But the change in U.S. policy focus is not literally about containing China. "Containment" is a word of Cold War vintage related to holding ground against the Soviet Union, a country with which the United States had a one-dimensional, hostile relationship. The tens of thousands of American students and corporate executives in Beijing attest to the rich, multi-dimensional relationship the United States enjoys with China. China is so much freer than the former Soviet Union that to glibly state that China is "not a democracy" is to miss the point of China's rise entirely.
China is an altogether dynamic society that is naturally expanding its military and economic reach in the Indo-Pacific region much as the United States expanded in the Atlantic and Greater Caribbean following the Civil War. But the rise of any new great power needs to be managed, especially as it is accompanied by the rise of Indian, Vietnamese, Malaysian, Singaporean and Australian sea power, even as Japan and South Korea modernize their sea and air fleets with the latest combat systems. Make no mistake, the Indo-Pacific is in the midst of an arms race that complicates the security of the region's sea lanes.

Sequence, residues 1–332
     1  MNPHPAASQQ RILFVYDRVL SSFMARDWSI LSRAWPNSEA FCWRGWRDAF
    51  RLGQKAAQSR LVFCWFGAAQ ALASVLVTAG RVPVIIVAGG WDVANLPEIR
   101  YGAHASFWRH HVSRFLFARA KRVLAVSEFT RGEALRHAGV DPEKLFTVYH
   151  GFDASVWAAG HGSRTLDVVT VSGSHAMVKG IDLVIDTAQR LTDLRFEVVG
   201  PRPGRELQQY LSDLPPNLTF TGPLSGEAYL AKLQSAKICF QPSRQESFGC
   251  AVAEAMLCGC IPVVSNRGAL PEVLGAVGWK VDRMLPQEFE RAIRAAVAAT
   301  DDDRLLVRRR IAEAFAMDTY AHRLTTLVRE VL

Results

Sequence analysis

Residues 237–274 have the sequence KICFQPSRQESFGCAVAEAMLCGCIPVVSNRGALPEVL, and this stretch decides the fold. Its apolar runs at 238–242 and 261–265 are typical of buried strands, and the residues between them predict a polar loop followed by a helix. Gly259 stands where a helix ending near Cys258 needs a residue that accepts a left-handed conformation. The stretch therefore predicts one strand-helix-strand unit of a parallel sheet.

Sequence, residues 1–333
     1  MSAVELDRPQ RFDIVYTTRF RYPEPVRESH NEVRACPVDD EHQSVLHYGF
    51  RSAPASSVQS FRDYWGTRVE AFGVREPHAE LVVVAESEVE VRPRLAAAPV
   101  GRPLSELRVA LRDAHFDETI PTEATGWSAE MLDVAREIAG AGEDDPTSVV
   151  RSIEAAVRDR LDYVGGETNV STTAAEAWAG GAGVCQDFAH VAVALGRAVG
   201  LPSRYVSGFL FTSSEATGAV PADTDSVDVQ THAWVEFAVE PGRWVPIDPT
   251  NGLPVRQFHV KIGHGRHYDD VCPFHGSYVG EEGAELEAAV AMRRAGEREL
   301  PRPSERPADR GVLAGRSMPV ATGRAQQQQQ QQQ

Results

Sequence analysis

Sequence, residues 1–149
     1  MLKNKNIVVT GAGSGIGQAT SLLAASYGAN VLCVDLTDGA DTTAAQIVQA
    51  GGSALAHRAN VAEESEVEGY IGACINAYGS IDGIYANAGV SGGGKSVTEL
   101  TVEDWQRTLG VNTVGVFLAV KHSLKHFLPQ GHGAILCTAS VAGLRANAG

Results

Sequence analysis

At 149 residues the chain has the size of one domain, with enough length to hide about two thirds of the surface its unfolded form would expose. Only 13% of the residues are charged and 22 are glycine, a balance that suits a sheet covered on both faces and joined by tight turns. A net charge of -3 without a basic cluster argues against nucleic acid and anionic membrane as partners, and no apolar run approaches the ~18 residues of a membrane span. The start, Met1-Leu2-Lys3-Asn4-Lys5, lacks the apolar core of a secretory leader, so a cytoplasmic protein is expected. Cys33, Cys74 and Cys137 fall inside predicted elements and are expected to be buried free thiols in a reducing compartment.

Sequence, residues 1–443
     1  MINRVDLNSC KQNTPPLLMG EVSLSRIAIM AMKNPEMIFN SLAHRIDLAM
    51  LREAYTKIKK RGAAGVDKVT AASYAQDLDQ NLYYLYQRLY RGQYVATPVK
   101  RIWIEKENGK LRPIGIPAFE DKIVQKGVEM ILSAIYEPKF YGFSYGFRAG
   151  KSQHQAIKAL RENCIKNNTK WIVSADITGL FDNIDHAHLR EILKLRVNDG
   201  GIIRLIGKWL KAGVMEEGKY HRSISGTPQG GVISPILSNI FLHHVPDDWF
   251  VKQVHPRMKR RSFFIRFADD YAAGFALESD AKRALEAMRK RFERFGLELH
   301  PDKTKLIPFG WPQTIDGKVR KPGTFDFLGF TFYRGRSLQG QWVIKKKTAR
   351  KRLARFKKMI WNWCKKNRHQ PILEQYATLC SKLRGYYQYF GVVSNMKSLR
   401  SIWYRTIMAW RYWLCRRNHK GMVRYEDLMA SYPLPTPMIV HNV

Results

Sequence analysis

Were the United States not now to turn to the Indo-Pacific, it would risk a multipolar military order arising up alongside an already existent multipolar economic and political order. Multipolar military systems are more unstable than unipolar and bipolar ones because there are more points of interactions and thus more opportunities for miscalculations, as each country seeks to readjust the balance of power in its own favor. U.S. military power in the Indo-Pacific is needed not only to manage the peaceful rise of China but also to stabilize a region witnessing the growth of indigenous civil-military post-industrial complexes.